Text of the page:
In Europe, ISDN became popular, but in the U.S. it never really took off the same way. The problem in the U.S. is that each carrier does it differently, and, even worse, it is handled differently in different states.
For instance, in most U.S. locations, ISDN was billed by per minute of usage, not flat-rate as is common for regular phone lines. In my state the state government wanted ISDN, and it really force the main carrier in the state to offer it at a flat rate.
In the U.S., you are, unfortunately, at the mercy of the incumbent carrier at the location, and the same carrier may have different rules for different states. The only long distance carrier that could even transport ISDN calls was AT&T, which is no longer even a stand-alone entity/LD carrier.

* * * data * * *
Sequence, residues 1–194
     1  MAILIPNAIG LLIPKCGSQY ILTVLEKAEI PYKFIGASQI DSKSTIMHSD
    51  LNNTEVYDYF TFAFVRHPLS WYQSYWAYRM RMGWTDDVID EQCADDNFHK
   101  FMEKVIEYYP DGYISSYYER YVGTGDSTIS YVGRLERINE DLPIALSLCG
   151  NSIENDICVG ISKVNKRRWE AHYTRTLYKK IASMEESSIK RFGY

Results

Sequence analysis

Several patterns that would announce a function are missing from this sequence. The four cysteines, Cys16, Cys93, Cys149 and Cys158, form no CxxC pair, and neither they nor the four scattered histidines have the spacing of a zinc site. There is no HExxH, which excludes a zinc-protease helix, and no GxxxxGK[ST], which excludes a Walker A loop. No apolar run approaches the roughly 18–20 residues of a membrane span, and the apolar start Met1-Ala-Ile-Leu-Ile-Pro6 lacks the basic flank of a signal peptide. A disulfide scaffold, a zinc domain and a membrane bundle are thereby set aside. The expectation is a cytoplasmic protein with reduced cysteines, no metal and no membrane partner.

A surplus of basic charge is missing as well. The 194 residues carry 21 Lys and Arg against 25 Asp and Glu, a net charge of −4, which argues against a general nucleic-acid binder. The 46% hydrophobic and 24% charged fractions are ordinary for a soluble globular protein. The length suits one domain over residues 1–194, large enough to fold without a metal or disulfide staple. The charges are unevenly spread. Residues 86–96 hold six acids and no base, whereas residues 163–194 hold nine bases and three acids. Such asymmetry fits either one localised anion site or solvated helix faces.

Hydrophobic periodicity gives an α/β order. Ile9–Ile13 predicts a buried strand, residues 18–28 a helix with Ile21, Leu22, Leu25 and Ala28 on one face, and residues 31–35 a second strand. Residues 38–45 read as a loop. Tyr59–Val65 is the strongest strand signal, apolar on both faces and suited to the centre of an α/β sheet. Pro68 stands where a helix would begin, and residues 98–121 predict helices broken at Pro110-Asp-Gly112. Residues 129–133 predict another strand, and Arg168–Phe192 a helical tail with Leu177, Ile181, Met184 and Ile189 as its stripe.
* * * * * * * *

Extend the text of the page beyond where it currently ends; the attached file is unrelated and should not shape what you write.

A SPID is the circuit ID, and it does directly relate to the phone number. Usually, a SPID starts with the 10-digit phone number with something like
0101 tacked on the end.
Back when I got an ISDN BRI for personal use (before the current DSL and cable internet connections), I used it for both data and phone service. Calling one of the two phone numbers assigned to the BRI would ring that line, but if that line was in use, it would ring the other line. To get that to work across multiple BRI lines would involve the carrier to get that enabled. Unfortunately for you, there is no way to force a carrier to do that, and, in many states, they can't offer such a service without getting a tariff granted by the state to offer the service. At this point, ISDN BRI never really took off, and it isn't cost effective for the carriers to jump through the necessary hoops to add such services. The carriers are more concerned about getting all their services on IP, and off TDM (like ISDN), rather than enhancing and adding TDM services.